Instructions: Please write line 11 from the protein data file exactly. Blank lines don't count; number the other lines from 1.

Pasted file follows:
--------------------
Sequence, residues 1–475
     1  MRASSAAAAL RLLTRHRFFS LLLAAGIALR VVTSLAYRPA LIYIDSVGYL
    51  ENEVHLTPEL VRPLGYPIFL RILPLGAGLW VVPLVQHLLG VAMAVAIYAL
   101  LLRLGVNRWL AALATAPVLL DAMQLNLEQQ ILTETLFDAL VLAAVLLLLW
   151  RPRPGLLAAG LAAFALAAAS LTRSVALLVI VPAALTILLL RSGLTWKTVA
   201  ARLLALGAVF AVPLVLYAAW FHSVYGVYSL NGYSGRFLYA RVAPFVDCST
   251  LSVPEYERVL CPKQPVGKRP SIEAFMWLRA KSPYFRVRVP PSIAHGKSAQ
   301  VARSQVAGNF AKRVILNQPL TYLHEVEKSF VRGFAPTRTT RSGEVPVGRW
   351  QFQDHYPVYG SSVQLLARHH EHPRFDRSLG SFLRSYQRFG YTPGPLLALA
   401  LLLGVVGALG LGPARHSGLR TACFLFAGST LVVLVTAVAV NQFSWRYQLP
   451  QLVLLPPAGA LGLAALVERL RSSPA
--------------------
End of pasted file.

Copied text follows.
   451  QLVLLPPAGA LGLAALVERL RSSPA